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Where The Book Business Is Humming


You wouldn't typically expect to find a high-profile executive of a major media company in drab Kharkiv. The gritty city of 1.5 million is the kind of place where local leaders haven't yet gotten around to tearing down statues of Lenin, and outside Ukraine it's best known (if it's known at all) for the Red Army tanks it used to make. But on a sunny April afternoon, Ewald Walgenbach, a member of the executive board of Germany's Bertelsmann, smiles as he watches a battered steam shovel ladle bricks onto a dump truck at a dilapidated factory that's being converted into a distribution center for the company's Family Leisure book club. Above the din, Oleg Shpilman, CEO of the Ukrainian unit, shouts that the new facility will be able to ship 20 million books a year. "What will happen next year when you have 21 million?" Walgenbach replies with a laugh.

Optimism about the printed word is pretty rare these days. In fast-modernizing Ukraine, though, Bertelsmann is enjoying dot-com-like expansion for its book club, a category that's a slow- or no-growth proposition in the U.S. and Western Europe. Family Leisure moved 12 million books last year—everything from cookbooks to local potboilers to Stephen King thrillers—while sales grew 55%, to $50 million. Today, Bertelsmann is Ukraine's biggest bookseller, with 12% of the market. And the operation enjoys profit margins that are triple the 4% global average for similar Bertelsmann units, which include the Book-of-the-Month Club and Literary Guild in the U.S.

Ukraine is the most spectacular example of Bertelsmann's success with book clubs in the former Soviet bloc. And it's proving that with the right mix of marketing and merchandise, there's money to be made even with low-cost goods. The region has well-educated populations hungry for a good read but relatively few bookstores where they can indulge their passion. As a result, Bertelsmann has also become the biggest book publisher in the Czech Republic and has scored big successes in Poland, Russia, and elsewhere.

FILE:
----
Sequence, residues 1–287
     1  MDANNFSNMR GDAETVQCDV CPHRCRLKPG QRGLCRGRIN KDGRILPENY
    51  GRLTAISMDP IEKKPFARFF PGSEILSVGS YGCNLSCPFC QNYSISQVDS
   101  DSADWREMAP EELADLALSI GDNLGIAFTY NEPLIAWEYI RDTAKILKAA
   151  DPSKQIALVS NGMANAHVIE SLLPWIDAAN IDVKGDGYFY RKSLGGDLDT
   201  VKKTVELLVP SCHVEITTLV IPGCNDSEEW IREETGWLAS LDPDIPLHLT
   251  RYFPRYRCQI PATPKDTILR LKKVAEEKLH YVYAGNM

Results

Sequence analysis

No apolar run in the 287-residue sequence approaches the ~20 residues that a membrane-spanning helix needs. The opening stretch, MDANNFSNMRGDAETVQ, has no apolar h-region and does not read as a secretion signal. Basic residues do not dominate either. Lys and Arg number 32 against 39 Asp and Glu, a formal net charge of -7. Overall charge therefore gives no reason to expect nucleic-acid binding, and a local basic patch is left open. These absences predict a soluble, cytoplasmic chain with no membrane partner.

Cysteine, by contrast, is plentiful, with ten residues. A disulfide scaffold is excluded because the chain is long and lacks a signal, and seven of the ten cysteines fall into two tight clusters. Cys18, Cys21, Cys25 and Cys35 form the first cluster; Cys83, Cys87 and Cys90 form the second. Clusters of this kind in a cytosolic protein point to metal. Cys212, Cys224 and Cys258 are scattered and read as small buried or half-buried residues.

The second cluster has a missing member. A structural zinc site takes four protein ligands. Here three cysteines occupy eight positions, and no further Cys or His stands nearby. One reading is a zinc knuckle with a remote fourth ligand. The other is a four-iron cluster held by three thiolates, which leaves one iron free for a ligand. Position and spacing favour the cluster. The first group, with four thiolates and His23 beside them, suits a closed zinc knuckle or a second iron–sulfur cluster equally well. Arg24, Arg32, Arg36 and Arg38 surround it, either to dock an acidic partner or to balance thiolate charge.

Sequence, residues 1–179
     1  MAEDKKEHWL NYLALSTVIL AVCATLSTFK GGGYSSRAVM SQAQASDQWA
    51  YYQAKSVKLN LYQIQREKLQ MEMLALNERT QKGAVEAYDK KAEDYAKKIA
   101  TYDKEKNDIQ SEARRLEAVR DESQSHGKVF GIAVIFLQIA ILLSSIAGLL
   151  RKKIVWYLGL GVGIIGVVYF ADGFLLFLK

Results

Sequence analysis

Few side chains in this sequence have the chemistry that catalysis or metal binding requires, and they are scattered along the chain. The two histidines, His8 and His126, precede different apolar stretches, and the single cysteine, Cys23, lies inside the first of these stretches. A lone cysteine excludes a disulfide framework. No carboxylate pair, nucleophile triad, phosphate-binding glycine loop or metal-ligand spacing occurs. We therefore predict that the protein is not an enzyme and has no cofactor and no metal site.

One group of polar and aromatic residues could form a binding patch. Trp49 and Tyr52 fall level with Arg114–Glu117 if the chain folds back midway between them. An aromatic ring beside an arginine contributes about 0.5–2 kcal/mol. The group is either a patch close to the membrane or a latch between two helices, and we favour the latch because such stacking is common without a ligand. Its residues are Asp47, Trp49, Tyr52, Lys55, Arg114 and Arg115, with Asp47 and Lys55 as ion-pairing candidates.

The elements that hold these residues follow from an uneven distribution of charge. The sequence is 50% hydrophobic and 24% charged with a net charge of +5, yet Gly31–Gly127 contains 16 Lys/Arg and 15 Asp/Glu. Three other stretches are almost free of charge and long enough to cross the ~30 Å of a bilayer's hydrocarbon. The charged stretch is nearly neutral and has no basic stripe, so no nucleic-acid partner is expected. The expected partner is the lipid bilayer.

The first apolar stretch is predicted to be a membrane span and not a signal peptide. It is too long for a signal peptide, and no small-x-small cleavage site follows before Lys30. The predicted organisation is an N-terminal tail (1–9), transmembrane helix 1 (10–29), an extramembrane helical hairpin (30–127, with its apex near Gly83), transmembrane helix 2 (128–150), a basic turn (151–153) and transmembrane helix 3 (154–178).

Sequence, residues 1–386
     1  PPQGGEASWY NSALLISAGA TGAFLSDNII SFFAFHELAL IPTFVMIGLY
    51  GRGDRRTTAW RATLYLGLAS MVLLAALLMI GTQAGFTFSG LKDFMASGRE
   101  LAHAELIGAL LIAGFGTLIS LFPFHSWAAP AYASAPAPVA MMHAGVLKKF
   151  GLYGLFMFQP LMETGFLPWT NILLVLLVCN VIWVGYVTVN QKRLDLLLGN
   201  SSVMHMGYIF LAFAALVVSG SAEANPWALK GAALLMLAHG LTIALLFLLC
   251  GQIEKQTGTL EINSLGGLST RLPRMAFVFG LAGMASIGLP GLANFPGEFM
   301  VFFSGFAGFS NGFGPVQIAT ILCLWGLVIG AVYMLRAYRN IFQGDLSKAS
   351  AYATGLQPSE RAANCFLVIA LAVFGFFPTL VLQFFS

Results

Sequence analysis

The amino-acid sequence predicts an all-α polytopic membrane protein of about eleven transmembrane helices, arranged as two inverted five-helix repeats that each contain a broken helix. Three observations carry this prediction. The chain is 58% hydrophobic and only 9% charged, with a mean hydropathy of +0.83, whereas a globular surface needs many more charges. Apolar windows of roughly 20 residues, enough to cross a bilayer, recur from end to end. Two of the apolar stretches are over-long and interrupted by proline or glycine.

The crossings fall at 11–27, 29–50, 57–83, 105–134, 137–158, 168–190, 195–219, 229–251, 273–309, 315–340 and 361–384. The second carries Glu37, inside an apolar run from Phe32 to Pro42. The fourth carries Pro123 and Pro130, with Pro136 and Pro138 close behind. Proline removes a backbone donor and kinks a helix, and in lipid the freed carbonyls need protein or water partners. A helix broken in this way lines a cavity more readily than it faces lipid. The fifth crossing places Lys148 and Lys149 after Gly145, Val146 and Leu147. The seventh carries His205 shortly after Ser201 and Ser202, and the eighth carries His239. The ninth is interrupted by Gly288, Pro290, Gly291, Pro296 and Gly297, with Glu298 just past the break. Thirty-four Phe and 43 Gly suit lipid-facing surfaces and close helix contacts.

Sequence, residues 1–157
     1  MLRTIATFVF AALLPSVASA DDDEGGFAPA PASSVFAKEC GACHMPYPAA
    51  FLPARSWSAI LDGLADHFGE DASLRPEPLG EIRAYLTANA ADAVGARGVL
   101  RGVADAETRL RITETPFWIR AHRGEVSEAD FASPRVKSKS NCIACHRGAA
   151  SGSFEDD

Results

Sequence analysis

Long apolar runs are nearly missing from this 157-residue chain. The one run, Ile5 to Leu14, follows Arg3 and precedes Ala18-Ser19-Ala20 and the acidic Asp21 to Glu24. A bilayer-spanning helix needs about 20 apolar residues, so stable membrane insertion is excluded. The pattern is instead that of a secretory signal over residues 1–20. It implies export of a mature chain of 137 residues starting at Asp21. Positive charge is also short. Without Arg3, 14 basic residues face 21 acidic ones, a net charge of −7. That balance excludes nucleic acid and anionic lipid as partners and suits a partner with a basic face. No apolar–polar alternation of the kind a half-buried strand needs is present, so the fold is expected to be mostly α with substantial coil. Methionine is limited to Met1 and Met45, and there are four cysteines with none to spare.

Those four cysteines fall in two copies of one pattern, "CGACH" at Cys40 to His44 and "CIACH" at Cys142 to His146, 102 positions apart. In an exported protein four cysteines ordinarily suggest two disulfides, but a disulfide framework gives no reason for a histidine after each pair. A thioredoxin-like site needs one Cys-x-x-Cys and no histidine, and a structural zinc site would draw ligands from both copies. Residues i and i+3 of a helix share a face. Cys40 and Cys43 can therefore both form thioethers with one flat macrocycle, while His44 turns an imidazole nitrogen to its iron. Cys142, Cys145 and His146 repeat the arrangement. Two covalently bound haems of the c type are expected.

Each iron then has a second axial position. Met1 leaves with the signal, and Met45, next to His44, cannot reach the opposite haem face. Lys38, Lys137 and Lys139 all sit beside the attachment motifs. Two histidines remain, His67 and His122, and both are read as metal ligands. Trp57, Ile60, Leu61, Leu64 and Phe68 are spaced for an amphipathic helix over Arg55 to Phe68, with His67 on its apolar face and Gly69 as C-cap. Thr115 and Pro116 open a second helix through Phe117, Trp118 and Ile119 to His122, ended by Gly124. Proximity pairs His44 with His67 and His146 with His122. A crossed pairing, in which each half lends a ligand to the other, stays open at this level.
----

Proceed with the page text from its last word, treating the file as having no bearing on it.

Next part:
The book clubs are part of a broader trend of booming print media in the developing world. In India, newspapers are thriving, with Mumbai alone boasting a half-dozen major dailies. Swiss magazine giant Ringier saw 18% sales growth last year from its lifestyle publications in Vietnam. In Argentina, the number of books published has more than doubled since 2002. And emerging markets are also proving lucrative for another Bertelsmann unit, Gruner + Jahr, which is the second-largest magazine publisher in China via a joint venture.

TEXTING THE ORDERS

Bertelsmann's allegiance to Old Media in newer markets is paying off in other ways. In the U.S., its book clubs tend to serve older customers. By contrast, nearly half the Family Leisure Club's 2 million members (in a nation of 47 million) are under 30. The secret: The Bertelsmann club recruits hot young Ukrainian authors and serves as their exclusive distributor, a smart strategy in a country with only about 300 bookstores. "They're very effective, much more than other publishers," says Ljubko Deresch, an intense 23-year-old who has published five novels—the latest with Bertelsmann—dealing with youthful disenchantment and pop culture.

Keeping prices low is crucial. The average Ukrainian makes less than $8,000 per year, and in Kharkiv, Bertelsmann's main competition is an open-air book market. Dozens of merchants in corrugated metal stalls sell everything from textbooks to science fiction. Family Leisure titles typically go for under $5, competitive with the outdoor market. Then to keep costs down, the club delivers shipments to post offices, where customers claim their books.

No doubt Bertelsmann would like to bottle its Ukraine formula for export to other countries. Although few offer such a favorable mix of book-hungry citizens, cooperative postal authorities, and energetic local management, some innovations from Ukraine can travel. Customers there, for instance, are world leaders in ordering via mobile-phone text messages, a promising e-commerce strategy in poorer countries where few can afford Internet access. Says Shpilman: "Our goal is not to be a book club, but an integrated bookseller."

By Jack Ewing


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